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An Introduction to Township Art

In its original and purest form, dating back to the 1920's, South African Township Art was effectively art of defiance. Formerly known as ‘Struggle or Resistance Art', Township Art was a vivid depiction of the terrible transgressions of colonialism and apartheid.

One of the lynchpins of the apartheid regime was separate development for the different racial groups. Non-whites were forced to live in townships which had few, if any, amenities. In a measured reaction to European influences, black artists chose to illustrate their own realities in bold and colourful brush strokes.

The founding fathers of Township Art

Two emerging black artists, who effectively alerted the world to the wonder of Township Art, were Gerard Sekoto and George Pemba.

Prolific in the 1930's, Sekoto created a colourful history of urban African life in Sophiatown and District Six. Today, Sekoto is one of the most sought-after South African artists, with his work regularly fetching hundreds of thousands of dollars!

George Pemba's naive expressionism, born in the Motherwell Township close to Port Elizabeth, continues to delight art connoisseurs. His work commands prices ranging from R200 000 to almost R1 million.

Poverty led to exploration and expression with new media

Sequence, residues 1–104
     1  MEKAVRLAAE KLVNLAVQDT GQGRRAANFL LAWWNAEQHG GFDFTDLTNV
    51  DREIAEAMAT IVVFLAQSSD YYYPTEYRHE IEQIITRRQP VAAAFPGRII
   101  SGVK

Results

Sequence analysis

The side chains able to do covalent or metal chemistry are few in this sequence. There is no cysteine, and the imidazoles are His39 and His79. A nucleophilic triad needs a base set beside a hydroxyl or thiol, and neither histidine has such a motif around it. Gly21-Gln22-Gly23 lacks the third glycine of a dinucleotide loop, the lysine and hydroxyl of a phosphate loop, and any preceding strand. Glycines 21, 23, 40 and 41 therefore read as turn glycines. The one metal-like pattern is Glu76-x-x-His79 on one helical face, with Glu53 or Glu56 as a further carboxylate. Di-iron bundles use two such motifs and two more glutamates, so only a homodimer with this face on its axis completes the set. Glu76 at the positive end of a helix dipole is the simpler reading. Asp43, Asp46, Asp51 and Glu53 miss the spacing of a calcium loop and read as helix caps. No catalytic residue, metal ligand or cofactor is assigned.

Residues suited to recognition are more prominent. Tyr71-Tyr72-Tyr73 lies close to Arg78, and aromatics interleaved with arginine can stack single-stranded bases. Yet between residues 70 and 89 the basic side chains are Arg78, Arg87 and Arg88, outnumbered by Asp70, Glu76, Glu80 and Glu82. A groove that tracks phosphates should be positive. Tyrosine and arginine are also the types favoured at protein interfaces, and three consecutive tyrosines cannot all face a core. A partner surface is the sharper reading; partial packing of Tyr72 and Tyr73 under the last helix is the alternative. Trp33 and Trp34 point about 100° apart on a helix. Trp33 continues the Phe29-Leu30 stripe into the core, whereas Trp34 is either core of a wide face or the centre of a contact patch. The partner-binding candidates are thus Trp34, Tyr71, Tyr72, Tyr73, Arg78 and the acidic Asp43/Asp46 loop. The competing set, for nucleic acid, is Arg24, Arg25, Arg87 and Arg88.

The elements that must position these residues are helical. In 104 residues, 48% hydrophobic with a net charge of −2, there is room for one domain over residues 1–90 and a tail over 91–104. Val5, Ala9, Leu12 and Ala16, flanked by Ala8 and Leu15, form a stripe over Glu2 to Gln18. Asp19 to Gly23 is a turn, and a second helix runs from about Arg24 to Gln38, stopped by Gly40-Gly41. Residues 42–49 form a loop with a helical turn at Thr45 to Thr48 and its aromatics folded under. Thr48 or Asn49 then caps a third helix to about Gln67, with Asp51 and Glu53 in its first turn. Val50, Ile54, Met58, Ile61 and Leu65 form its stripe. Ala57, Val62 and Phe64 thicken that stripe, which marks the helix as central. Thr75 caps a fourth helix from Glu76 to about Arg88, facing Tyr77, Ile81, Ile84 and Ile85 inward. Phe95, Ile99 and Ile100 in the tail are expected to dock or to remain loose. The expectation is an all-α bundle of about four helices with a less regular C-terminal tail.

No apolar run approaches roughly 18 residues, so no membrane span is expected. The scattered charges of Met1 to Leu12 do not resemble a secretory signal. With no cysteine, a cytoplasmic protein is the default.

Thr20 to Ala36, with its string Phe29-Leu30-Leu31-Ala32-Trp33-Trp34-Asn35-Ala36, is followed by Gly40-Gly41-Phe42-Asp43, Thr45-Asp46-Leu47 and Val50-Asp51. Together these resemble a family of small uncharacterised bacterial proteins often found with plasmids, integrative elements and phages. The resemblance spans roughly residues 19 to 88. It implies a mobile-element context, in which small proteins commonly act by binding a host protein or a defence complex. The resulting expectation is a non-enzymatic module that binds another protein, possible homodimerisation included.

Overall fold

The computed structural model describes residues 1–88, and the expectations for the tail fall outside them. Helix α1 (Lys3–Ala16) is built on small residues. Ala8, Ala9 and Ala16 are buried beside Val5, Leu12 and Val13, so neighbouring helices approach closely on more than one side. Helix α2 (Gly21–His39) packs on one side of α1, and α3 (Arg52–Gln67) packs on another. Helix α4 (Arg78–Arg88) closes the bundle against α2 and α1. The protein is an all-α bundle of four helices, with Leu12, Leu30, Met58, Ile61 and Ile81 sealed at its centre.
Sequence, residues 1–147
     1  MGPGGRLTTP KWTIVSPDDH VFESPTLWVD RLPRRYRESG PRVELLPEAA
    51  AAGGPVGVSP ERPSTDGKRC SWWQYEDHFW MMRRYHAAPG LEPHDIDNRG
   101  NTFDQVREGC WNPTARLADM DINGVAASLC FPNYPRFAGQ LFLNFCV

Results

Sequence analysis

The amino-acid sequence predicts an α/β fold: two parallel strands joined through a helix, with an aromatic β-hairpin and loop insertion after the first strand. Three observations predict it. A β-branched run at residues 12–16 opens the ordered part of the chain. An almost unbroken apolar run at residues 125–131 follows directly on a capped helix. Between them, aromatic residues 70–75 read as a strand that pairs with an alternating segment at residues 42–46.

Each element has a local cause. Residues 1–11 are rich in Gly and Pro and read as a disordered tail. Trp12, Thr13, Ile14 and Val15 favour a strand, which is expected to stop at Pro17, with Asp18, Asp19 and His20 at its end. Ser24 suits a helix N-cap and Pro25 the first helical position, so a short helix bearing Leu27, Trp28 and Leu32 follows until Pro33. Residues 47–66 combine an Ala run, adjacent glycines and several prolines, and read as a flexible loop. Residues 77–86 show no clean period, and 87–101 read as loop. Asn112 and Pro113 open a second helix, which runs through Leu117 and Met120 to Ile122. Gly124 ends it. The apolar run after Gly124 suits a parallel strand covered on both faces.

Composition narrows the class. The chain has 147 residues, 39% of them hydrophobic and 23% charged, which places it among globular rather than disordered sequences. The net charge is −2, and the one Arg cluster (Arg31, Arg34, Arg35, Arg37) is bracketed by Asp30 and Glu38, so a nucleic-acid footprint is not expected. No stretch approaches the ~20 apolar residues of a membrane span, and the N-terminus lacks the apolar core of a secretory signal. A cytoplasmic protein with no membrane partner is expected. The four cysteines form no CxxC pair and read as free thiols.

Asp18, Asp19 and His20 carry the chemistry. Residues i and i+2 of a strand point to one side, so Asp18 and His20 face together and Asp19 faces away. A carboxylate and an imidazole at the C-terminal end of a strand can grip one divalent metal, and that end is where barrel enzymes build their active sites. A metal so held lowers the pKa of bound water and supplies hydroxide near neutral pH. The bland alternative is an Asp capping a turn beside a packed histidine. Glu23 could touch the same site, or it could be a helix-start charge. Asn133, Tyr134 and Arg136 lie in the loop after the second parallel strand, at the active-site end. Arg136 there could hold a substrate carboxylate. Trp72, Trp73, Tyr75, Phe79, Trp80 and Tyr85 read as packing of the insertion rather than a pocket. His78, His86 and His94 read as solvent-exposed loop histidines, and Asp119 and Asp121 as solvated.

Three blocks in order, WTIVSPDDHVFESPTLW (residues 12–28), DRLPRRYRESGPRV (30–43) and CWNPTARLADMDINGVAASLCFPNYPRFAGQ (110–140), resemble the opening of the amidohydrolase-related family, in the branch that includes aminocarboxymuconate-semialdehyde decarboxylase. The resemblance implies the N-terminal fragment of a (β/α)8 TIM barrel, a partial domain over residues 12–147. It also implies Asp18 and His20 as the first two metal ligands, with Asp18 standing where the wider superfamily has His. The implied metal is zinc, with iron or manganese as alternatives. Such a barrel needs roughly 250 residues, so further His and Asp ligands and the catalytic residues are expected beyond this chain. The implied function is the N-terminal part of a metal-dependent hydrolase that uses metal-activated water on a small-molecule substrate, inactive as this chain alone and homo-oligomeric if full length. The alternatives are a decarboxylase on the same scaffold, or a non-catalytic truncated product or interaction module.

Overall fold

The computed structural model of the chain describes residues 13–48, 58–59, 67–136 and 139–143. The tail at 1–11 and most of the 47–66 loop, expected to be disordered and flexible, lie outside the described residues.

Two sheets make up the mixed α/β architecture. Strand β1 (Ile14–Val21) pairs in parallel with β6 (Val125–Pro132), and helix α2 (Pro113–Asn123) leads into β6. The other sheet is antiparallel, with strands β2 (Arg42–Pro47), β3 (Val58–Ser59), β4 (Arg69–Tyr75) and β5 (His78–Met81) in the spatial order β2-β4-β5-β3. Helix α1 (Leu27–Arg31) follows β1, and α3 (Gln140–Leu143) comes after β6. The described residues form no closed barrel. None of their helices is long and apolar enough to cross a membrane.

Extreme poverty was a major catalyst for the emergence of a number of new, flamboyant Township Art genres. Oil paints were simply not affordable to most township inhabitants and instead they had to innovate with new media.

Dumile Feni, ‘the Goya of the Townships' will long be remembered for his outstanding contributions to African art, all tooled with the sole assistance of a ballpoint pen!

John Muafangejo and Azaria Mbatha will go down in the annals of South African art history as the innovators of the linocut whereas Ephraim Ngatane & Durant Sihlali join the ranks of outstanding watercolourists.

A nation's loss

Sadly, many original artworks were intentionally destroyed by the fascist South African security forces, denying future generations a unique glimpse into the past.

Foreign diplomats and other international visitors took it upon themselves to salvage as much of the Struggle Art as possible by buying up pieces in the townships and smuggling them out of the country. In the decade post-apartheid, a concerted effort was made to repatriate these national treasures.

The ‘Rainbow Nation' in full blush

Since freedom, Township Art, together with the rest of South African society, has evolved. Instead of the desperation and hopelessness of the past, black artists are now creating art synonymous with the new South Africa - bright, colourful and diverse.

Recycled plastic bags, old bicycle spokes and even discarded soft drink cans are modelled to create unique works of art which admirably depict the rainbow nation in full blush.

Today, Township Art is not the exclusive domain of black township dwellers. Its distinctive style has been embraced by the likes of Frank Ross, Benjamin Mitchley, Katherine Ambrose and Mauro Chiarla, to name but a few.

South Africa's unprecedented cultural diversity ensures a rich and ever changing tapestry of arts and crafts. Fine Art Portfolio provides a sample of their township art for sale on their online art gallery.